In fact, here’s a new twist. It is also conceivable that Matt Harrison, the Rangers most consistent pitcher of 2012, will be no more than the #4 starter in post-season play. Yu Darvish has been pitching more and more like an ace his last five starts, so he could get the #1 nod. If the Rangers rotate between righthanders and lefthanders, Harrison would be either #2 or #4, and Derek Holland has started to look a little more like a solid #2 lately as well. The Rangers top winner a #4 playoff starter? It could happen.
The day before the July trade deadline a year ago, the Rangers were rumored to be hot and heavy in on Heath Bell, then of the Padres. A deal hadn’t been made yet, with speculation a trade could fall through. Just in case, Jon Daniels swung another deal, sending Chris Davis and Tommy Hunter to the Orioles for righthander Koji Uehara.
The Japanese import had been nails in the Birds bullpen all year, compiling a 1-1 record with 13 holds and a 1.72 ERA in 43 appearances. Opponents were hitting just .152 off Uehara and his strikeout to walk ratio was an astounding 62-8. When the Rangers added the Padres’ Mike Adams a day later, Rangers fans were salivating over a 7th, 8th and 9th inning featuring Uehara, Adams and Neftali Feliz.
Uehara, though, would be a bust for the Rangers. While some of his peripherals still were decent, he gave up 5 home runs in just 18 innings of work, helping explain his 4.00 ERA in a Texas uniform. The playoffs were even worse. In two appearances over the ALDS and ALCS, Uehara surrendered three home runs and five runs in just an inning and a third of work. The Rangers didn’t even use Uehara in the World Series.
His confidence shattered, Uehara spoke openly of preferring Baltimore to Texas and it appeared the Rangers’ front office tried hard to make a trade back to the Orioles a reality. It never came to fruition.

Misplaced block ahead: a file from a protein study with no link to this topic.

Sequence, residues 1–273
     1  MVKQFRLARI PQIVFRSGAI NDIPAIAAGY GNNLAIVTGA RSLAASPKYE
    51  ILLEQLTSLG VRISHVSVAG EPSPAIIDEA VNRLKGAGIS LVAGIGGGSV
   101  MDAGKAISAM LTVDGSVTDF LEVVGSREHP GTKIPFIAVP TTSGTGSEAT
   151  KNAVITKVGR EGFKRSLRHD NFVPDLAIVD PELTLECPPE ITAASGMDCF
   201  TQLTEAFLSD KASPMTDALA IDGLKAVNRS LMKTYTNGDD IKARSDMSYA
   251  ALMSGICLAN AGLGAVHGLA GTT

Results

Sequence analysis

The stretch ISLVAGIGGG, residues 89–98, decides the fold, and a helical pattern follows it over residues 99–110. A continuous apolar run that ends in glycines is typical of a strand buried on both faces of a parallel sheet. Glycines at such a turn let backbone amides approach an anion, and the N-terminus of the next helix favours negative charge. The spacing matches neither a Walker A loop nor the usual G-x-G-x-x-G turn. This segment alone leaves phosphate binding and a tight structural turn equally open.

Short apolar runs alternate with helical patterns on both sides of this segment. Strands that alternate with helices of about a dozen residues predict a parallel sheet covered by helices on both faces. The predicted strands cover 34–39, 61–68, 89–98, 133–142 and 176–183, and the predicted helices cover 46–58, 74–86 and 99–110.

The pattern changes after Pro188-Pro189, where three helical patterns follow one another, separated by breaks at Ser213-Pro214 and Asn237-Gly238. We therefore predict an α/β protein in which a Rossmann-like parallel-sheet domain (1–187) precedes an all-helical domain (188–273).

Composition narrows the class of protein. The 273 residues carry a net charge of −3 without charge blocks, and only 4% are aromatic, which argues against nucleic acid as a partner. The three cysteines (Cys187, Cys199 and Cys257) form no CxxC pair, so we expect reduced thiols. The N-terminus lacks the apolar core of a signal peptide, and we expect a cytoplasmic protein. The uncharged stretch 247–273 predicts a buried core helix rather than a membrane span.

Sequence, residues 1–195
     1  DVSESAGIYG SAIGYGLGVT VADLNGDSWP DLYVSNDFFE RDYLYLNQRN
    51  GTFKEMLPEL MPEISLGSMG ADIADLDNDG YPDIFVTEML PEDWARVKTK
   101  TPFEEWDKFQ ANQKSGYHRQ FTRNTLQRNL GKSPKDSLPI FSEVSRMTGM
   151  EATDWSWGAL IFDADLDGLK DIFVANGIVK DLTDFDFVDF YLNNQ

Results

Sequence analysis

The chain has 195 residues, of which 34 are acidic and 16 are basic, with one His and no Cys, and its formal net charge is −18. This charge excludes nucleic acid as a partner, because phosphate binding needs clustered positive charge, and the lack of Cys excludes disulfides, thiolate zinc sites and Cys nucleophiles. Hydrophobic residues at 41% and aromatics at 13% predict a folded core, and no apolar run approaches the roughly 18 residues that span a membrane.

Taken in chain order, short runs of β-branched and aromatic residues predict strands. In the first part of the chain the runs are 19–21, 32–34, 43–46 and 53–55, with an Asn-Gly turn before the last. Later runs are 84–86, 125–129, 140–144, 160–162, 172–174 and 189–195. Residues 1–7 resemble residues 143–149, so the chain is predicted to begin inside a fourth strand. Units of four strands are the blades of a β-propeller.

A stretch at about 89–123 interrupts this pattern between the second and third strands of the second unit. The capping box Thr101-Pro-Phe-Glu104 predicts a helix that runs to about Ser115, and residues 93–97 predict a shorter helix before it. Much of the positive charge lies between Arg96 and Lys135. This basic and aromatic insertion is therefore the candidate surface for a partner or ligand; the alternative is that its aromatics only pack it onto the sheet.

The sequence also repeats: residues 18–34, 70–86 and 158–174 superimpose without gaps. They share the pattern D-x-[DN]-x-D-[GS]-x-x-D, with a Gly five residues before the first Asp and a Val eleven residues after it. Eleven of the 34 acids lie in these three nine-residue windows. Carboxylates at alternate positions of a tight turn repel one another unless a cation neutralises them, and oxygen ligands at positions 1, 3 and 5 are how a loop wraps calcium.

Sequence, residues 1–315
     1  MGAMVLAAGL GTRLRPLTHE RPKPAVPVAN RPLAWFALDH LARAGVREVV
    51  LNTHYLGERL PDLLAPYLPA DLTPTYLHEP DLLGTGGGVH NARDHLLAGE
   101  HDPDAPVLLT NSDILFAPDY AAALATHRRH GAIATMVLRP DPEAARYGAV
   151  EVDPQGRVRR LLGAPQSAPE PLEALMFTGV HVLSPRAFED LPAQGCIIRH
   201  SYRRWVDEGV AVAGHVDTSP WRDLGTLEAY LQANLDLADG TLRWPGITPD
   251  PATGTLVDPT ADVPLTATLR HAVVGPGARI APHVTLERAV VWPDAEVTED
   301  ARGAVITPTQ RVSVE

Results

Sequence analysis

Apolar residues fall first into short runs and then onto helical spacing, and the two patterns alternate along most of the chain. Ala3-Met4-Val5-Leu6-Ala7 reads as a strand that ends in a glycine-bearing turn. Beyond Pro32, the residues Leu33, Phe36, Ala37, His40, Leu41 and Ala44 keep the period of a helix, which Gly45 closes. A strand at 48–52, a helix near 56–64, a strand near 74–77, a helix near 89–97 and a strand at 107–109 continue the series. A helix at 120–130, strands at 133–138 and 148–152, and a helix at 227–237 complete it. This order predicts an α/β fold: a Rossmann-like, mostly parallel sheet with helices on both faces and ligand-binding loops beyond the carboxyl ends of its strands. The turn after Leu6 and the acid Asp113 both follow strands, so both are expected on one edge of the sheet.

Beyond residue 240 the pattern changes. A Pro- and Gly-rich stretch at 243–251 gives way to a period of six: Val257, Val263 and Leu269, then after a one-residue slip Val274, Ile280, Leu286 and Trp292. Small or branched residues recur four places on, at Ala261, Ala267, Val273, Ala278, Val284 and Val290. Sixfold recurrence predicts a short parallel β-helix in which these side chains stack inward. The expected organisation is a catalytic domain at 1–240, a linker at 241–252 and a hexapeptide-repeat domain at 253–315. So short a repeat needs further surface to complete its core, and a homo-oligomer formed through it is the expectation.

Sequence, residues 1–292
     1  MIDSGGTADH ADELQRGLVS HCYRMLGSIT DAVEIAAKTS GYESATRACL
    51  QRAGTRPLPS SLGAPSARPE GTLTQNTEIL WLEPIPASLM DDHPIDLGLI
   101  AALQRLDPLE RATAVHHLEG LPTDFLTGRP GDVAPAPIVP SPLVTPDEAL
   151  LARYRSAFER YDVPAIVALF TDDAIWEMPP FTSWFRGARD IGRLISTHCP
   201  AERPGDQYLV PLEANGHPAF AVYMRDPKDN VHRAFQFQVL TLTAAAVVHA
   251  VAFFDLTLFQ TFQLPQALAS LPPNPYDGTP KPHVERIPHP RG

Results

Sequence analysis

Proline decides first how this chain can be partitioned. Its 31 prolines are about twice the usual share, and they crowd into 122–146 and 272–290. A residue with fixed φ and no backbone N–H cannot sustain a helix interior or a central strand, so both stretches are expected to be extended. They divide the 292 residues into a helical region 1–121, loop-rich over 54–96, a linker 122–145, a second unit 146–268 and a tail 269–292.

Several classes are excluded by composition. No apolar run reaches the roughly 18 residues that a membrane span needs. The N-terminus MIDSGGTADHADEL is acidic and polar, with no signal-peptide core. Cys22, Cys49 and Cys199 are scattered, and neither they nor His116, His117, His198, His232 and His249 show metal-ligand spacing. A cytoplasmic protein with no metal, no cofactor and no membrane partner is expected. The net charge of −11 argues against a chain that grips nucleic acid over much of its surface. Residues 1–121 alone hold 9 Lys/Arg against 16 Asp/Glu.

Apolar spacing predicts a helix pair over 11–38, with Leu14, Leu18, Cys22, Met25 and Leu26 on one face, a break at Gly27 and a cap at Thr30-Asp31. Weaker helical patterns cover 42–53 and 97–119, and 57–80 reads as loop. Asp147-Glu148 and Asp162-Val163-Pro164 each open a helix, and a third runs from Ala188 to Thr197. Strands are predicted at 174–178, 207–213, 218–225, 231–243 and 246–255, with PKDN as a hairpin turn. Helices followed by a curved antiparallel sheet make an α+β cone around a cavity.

Instead, Uehara started 2012 in a Rangers uniform once again. The difference was, instead of being a trusted late-inning reliever, the man with the long sideburns was now brought into games for mop-up work: either big wins or big losses. That’s the way Ron Washington operates: Show me you can fill this role, then I’ll give you a better role to see if you can handle that.
Koji filled that role and was actually doing quite well in it. By June 2nd, his ERA was down to 1.33 over 19 appearances, but he was only credited with three holds over that time. Following a bad outing June 9th against the Giants, Uehara was placed on the DL, where he spent the next two and a half months with a strained rib cage.
When activated August 26th, Uehara was back in the mop-up role again. Now Wash started seeing something he hadn’t seen for awhile. Uehara, a righthander who had always handled lefthanded hitters well, started getting leftys out with regularity again. Last week, Koji was given another chance. With set-up man Mike Adams on the shelf with tightness in his back, Uehara was given the 8th inning again. Appearing in 4 consecutive games, Uehara allowed just one hit in 3 innings with 4 strikeouts, all with low pitch counts.
Sunday, with runners or the corners and two outs in the 9th inning of a 2-1 game, it was Uehara brought in to try to nail down the save, not overworked closer Joe Nathan or the usual second-best option Alexi Ogando. No, it was Koji Uehara, who proceeded to strike out the only batter he needed to face on four pitches to nail down his first save since 2010.
Koji Uehara gave up 11 home runs in the regular season a year ago and three in the playoffs. He’s only given up four in 2012. His strikeout to walk ratio is now 30-3, the Batting Average Against .184. Four weeks ago, the names being discussed for the post-season bullpen featured names like Michael Kirkman and Tanner Scheppers. Today the name Koji Uehara is prominent, which is what the Rangers were expecting when they traded for him a year ago.
As much attention as the July 31st trade deadline receives, today’s trade deadline is just as important. That’s because any player acquired after August 31st CAN’T be on a team’s playoff roster. In other words, if the Rangers are going to acquire proven major league help for their post-season push, today is the last day to do it.
The August 31st deadline is what the whole revocable waivers is all about. We’ve heard Roy Oswalt cleared revocable waivers, so Texas could trade him to anyone today if they so desired. Other players have probably been put on revocable waivers by the Rangers as well, and probably have cleared as well. If a player is put on revocable waivers and a claim is put in for that player, the team can either take the player back off the table (the revocable part) or work out a deal with the claiming team within something like 48 hours.